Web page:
Despite Kickstarter’s best efforts, supporters still think of the service as another Amazon where they buy a product that doesn’t exist yet. What Kickstarter is, in reality, is a belief system where if a backer believes in a project they help cover the production costs in hopes that the product will come to fruition. Back in 2015 close to 3,000 backers raised over half a million dollars in a project they believed in, the Gnarbox. Much like other Kickstarter projects, the Gnarbox suffered delays in production, but after two years of reaching their intended goal, the product has finally come to the masses.


Visually, Gnarbox looks like a ruggedized hard drive similar to the ones you can get from the likes of G-Tech or LaCie. At 5.3 x 3.4 x 1in it is only slightly thicker than the LaCie Rugged Mini, but instead of a spinning drive, Gnarbox has an integrated 1.92 GHz Intel Quad Core, 2 GB of RAM, 128 GB flash-based SSD, WIFI and a 4000mAh battery that is estimated at 4-6 hours. A large rubberized coating covers the internal metal skeleton, which in turn protects the internals it from being crushed and acts as the heatsink for the Atom-based CPU – the CPU tends to get uncomfortably warm under long sessions.

Two well-secured doors cover a plethora of ports including a full-size USB 3.0, full-sized and micro SD slots and a charging port which doubles as data transfer to a host computer. When the doors are closed, the device is water resistant and dustproof. Coming in at close to 1 lb the Gnarbox feels like a premium product in hand. As for the companion app? A little less so.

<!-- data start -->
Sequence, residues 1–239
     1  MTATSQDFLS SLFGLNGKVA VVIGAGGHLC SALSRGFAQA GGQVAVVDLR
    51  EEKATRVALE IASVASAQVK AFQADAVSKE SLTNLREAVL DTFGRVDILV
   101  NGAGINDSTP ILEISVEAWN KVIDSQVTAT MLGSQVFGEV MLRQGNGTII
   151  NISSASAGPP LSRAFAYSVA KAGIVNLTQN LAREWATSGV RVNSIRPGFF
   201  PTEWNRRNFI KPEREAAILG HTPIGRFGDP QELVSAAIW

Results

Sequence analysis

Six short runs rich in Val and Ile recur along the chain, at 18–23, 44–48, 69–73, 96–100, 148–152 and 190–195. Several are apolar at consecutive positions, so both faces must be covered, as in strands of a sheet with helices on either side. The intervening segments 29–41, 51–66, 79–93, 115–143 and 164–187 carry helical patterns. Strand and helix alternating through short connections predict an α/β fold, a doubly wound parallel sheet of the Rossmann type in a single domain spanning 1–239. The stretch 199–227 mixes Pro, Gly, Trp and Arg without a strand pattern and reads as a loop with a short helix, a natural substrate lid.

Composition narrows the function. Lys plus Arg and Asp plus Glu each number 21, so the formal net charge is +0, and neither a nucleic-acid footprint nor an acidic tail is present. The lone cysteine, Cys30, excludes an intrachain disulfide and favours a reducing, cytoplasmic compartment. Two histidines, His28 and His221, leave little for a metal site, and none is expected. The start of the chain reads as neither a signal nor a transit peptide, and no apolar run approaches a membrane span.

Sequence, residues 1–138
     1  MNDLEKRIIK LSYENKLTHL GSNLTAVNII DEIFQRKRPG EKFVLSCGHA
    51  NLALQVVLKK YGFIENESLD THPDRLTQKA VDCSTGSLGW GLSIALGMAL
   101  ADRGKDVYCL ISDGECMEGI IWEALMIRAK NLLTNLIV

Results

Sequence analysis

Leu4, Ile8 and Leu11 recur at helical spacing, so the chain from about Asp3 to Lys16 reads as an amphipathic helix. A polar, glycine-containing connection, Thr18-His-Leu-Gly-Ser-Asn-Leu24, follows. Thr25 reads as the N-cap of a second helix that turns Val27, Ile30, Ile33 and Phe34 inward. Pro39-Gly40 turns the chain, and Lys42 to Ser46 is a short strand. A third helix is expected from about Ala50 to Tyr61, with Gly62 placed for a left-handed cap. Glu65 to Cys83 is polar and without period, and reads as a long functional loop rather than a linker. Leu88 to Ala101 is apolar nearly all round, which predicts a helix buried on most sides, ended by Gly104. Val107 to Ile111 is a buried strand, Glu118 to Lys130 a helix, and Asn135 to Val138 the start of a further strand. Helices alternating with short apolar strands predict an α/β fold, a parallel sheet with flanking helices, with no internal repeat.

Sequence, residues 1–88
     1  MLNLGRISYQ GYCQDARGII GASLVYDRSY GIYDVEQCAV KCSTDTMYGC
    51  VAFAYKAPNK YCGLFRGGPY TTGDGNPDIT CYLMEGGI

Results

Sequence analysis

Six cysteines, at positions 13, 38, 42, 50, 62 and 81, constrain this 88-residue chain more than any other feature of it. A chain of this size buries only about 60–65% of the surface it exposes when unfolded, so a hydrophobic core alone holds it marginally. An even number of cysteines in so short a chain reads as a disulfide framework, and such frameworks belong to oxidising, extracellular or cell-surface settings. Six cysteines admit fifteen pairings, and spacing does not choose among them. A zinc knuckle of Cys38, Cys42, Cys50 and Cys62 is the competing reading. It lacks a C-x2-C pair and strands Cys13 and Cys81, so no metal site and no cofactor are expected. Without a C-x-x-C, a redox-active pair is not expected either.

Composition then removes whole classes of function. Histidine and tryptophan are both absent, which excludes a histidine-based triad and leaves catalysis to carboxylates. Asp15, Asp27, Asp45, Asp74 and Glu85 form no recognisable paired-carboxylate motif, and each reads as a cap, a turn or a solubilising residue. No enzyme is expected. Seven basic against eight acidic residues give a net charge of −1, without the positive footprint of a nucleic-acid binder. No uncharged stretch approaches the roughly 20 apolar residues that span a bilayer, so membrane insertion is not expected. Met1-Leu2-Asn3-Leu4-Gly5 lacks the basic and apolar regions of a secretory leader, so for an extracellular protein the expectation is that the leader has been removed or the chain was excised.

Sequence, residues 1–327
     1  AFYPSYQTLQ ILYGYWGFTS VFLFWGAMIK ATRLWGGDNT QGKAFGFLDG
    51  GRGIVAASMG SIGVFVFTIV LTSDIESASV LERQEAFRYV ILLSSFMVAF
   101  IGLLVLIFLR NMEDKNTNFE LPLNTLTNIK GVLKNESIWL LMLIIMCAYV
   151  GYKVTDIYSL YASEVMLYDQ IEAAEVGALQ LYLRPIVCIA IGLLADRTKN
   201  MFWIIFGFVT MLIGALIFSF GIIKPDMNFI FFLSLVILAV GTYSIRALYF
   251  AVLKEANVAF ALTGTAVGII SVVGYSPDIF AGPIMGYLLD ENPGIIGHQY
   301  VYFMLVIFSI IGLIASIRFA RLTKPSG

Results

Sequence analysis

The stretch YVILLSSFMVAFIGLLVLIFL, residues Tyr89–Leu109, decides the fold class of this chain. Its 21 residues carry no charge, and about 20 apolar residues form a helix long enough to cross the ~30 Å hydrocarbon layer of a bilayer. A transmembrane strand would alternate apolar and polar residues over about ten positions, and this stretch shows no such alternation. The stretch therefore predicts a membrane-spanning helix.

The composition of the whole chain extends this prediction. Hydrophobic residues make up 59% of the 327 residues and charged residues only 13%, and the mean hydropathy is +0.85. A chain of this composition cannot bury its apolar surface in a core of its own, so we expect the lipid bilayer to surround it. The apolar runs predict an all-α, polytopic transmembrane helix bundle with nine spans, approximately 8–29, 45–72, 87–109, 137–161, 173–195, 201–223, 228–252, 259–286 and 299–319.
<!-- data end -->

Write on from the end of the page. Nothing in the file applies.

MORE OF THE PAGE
When opening the application you are greeted with a digital representation of a printed pamphlet, a “how-to” on using your newly purchased mobile editor. Once you thumb through the multiple pages you are faced with a bare interface with links to your files, connected devices, recently imported, favorites, and a highlight reel.

The video editor is even more barren than the main screen, requiring the use of gestures, swipes, and taps that can be difficult to master. As of the photo editor, it looks like a very rudimentary version of Snapseed, with features such as exposure, highlights, shadows, and contrast controlled with sliders. Gestures and sliders are really a non-issue, as anyone who has used to a mobile device after 2007 knows it’s the current state of things. What is really the kicker is that lag between input commands.


Despite having a quad-core processor and a dedicated GPU, working with RAW files does come with some lag time. Tapping on a video or photo will bring up a viewer which streams the media from the device since no media is available locally on your iOS device or Android. Thumbnails take a few seconds to fully generate, and a full-screen preview takes up to a minute to go from pixelated to sharp. A minute is significant.

When editing Nikon NEF files from my D7200 there would be a significant delay from when I would see the low-res preview image to the full resolution image, like up to ten seconds per image. This comes down to the slow storage and weak processor that resided in the steel frame of the Gnarbox.